I listened to the audiobooks in addition to reading the physical books for this series, and I was so lucky as to receive this series signed in hard back for the holidays from my soon-to-be mother-in-law. The audiobook is wonderfully made, because the narrator is hilarious and super talented.
I am stupid excited to continue the rest of this series, and I am stoked to see what Sullivan has in store for the future.
Thank you so much for following my reading journey in 2019, and I can’t wait to see who the winners are for 2020!
Don’t forget to check out the books that I regret NOT reading in 2019!
If you would like to see a full dedicated review to any of these books, comment below!
-Knight of Cups ❤
~Pragmaster, your visit and support is appreciated beyond possible demonstration. Your feedback and support is valuable to us. Nevertheless, you are the Pragmaster of our Pragmastery, so do feel free to share your opinions and experiences.
Stay pragmatic and spread positivity!
~The opinions and beliefs of our writers do not reflect upon Pragmastery as a whole. Our writers have the freedom to share their subjective opinions in a respectful and considerate manner. The individual author of each post is responsible for fact checking and representation of discourses.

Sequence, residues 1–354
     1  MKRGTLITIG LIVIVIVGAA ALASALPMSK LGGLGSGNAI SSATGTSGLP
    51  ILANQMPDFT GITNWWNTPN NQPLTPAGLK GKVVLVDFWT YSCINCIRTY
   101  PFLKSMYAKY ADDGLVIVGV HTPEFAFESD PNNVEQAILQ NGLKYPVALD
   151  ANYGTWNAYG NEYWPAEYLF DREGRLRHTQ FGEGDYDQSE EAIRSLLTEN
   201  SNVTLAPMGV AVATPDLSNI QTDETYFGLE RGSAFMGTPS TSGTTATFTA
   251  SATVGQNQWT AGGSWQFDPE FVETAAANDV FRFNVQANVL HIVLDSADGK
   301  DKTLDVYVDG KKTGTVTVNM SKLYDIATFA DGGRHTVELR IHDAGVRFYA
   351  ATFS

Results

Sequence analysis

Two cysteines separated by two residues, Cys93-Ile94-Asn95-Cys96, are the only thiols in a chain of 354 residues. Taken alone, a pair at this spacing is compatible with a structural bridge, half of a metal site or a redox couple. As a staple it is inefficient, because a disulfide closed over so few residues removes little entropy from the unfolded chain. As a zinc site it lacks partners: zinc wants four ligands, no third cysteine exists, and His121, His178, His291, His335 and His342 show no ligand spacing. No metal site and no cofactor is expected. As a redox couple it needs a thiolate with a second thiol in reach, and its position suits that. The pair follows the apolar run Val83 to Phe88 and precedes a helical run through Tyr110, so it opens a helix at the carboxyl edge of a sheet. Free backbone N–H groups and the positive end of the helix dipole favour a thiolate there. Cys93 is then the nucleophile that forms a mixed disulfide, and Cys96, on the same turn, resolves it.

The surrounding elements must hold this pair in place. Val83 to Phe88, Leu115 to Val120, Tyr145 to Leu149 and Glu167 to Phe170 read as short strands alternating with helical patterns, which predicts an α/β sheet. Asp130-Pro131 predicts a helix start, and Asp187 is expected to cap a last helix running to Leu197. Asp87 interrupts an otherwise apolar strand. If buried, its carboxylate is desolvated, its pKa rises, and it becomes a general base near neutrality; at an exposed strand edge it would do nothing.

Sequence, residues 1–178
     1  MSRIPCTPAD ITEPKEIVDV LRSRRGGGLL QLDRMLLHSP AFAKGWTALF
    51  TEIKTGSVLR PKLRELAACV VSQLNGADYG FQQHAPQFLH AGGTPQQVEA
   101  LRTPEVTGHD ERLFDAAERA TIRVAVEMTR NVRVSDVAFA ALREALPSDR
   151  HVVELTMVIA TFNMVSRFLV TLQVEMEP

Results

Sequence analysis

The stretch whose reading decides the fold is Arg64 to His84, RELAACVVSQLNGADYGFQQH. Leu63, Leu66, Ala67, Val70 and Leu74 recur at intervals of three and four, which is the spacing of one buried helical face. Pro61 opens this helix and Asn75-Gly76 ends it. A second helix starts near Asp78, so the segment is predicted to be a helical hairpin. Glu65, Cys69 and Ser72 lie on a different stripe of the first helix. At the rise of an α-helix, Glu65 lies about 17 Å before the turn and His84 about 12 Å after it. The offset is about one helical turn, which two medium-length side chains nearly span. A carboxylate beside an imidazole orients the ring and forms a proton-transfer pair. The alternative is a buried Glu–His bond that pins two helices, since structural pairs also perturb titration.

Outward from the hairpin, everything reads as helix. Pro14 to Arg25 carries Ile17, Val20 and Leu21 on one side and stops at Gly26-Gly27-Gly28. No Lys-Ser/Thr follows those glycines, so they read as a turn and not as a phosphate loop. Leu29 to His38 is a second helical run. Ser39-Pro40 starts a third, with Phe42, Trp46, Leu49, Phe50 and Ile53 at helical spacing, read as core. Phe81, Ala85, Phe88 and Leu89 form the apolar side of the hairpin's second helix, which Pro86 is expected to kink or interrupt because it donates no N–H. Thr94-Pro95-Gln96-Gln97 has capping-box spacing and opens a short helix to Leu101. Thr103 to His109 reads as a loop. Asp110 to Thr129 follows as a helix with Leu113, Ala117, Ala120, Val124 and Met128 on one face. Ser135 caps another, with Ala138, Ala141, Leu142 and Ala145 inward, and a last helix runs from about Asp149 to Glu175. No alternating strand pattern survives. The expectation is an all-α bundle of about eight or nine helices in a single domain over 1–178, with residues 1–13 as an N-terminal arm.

If you would like to discuss a concern or report harmful content, please contact us using our Correspondence page. If an author’s content is not to your liking, please feel free to browse our other authors’ pieces to find a more suitable read for your personal taste, or kindly agree to disagree by clicking off of this site. Please do not waste your time expressing your opinion in an overly negative or inconsiderate manner, for those comments will be removed from the site.
~Any and all content on this site is the creative and intellectual work of our authors. The distribution and reuse of any content on this site without permission is strictly prohibited. If you would like to share a piece with credit to the author, please contact us using our Correspondence page. Do not steal steal the work of our writers or use their work as your own. If you are unaware of the specific definition of plagiarism, we have linked some resources for your convenience.